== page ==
We’ve now returned to the land of smoke signals and Gayle is whistling along with Christmas music while changing the decorations from fall to Christmas.  She loves that stuff.

            Since Gayle was born on Christmas day it took the first year of our marriage to convince her that all the pretty lights and celebrations weren’t for her birthday. I told her that there were no mangers in Michigan when she was born, camels are in the zoo, and if there were three wise guys hanging around with packages they were most likely Mafioso. She still runs outside Christmas Eve looking for the star.  Now there’s a real challenge for me.





  







Saturday, November 16, 2013

Man on the Street Interviews



Live - From XYZ-TV

Announcer:  “It’s time for our weekly ‘Man on the Street’ segment.  We’ve sent our reporter, Steve O. Smith, our S.O.S. man, out to San Francisco where the ‘Anti-Gravity’ protest is in full swing.  Now let’s join Steve at the protest rally.”

Steve:  “Thanks, Bill.  I’m here at the Anti-Gravity protest where there is a great deal of excitement.  Let’s talk to some of the folks who appear to have issues with the Law of Gravity, which they feel is unfair to weight-challenged people, white basketball players, and busty women.”

Steve:  “Hi young lady.  I’m Steve Smith with XYZ-TV. What’s your name and what do you do?
Suzie:  “My name is Suzie and I’m a college student.”
Steve:  “Why are you here today, Suzie?”
Suzie:   “My professor gives us extra credit if we show up with a sign and …”
Steve:  “But why are you personally involved?  How does gravity affect your life?”
Suzie:  “Well, my professor goes, ‘just show up, and I’m like…, well gravity is a problem.  And he goes, ‘we need to fight gravity.’ And I’m all, ‘wow.’ Like I really don’t know much about gravity, but, like, I know it’s bad.  He goes, ‘it started under Bush.’  And I’m all …totally. Anyway, my professor wants to, like, unpeel the law.”
Steve:  “I think you mean, ‘repeal’ the law.’
Suzie:  “Whatever…”
Steve: “Thank you, Suzie. 

Steve: “Here’s a young man who appears enthusiastic. What’s your name, young man?”
Tyrone:  “Mohamed Washington Milhous Willy Jackson.  Jus call me ‘Tyrone.’ What it be like, Bro?”
Steve: “It be cool.  Why are you here today, Mr. Jackson . . . ah, Tyrone?”
Tyrone:  “Too much gravity, know what ah mean.  That space guy hopping around on the moon.  He be jumpin’ like a grasshopper.  We need moon gravity for basketball - jump shots, slam dunks, nothin’ but net, know what ah mean.”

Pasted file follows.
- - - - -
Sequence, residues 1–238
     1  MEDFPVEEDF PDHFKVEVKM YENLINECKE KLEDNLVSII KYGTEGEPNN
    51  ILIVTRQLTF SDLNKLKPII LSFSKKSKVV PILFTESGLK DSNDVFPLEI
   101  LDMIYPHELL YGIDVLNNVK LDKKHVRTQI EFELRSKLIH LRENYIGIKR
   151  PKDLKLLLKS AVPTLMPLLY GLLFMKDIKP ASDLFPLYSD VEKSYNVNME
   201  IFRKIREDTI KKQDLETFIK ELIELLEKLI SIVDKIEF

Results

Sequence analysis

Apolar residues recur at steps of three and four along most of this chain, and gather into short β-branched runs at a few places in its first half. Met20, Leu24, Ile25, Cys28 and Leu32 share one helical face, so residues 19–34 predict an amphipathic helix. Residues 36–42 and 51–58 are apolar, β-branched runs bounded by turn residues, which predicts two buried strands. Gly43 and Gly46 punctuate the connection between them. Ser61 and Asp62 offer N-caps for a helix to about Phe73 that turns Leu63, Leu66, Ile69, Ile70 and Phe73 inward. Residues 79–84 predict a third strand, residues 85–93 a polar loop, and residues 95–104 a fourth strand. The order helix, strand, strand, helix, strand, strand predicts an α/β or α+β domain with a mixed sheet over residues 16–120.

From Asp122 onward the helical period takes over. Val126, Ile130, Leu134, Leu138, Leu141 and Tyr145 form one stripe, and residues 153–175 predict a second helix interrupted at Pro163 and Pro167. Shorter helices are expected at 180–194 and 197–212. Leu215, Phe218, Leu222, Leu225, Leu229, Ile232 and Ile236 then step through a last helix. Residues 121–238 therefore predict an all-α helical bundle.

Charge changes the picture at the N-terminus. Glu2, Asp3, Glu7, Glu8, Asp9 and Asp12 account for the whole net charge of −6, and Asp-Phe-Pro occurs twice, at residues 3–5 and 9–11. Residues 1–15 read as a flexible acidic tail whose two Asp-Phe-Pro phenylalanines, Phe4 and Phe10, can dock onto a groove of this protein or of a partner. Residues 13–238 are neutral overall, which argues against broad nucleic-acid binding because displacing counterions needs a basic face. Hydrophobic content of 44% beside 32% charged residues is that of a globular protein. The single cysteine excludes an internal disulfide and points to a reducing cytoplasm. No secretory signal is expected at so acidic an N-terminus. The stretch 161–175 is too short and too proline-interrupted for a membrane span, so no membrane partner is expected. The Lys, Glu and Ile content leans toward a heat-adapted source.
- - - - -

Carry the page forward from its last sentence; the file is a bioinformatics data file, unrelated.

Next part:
Steve: “That makes sense.  Thank you, Tyrone.”

Steve: “Here’s a fellow who…I think he’s a ‘fellow.’  Hi.  What’s your name and what do you do?”
Dr. Brucie: “I’m Dr. Gaylord Brucie. I’m a college professor.  I teach ‘gay, lesbian, transsexual, bisexual, and asexual studies.’  I’m also the author of two books:  ‘Joys of Bestiality,’ and ‘Catatonic Foreplay.’  I’m currently working on my next book, ‘How Traditional Marriage and Monogamy Contribute to Global Warming.’”
Steve:  “Well sir, one of your students said you were a little ‘light in the loafers,’ so I wondered why you would protest the Law of Gravity. Wouldn’t that be an advantage for you?  I mean, being so light and all…”
Dr. Brucie: “Oh, a big silly you. Gravity is not our friend.  Haven’t you ever fallen down?  Think of the lives that could be saved without gravity.  But I’m happy you asked, you macho savage, you.  Oh my, I simply love your hair.”
Steve: “Thank you, professor. I …Ah…I have to leave now. 

Steve:  “Here’s a young fellow who looks pretty calm among the excitement of the protest.  What’s your name, young man?”
Young man:  “Huh?
Steve:  “Why are you here today?”
Young man: “Where am I?”
Steve:  “You’re at the ‘Anti-Gravity’ rally.”
Young man:  “Seriously, Dude?  I knew I was somewhere.”
Steve: “So why are you here?”
Young man: “Free grass, man . . .”
Steve:  “How do you feel about gravity?”
Young man: “Huh.  What the hell is gravity?”
Steve: “That’s what holds you to the ground.”
Young man: “Oh. That can’t be good.  But it don’t affect me.  I stay high.  I don’t know jack about grav…What was that word again?  Here, take a toke, man.”
Steve: “No thanks.  I have to move on.

Steve: “Well hello Senator.  I didn’t expect to see you here.”
Senator:  “And who are you?”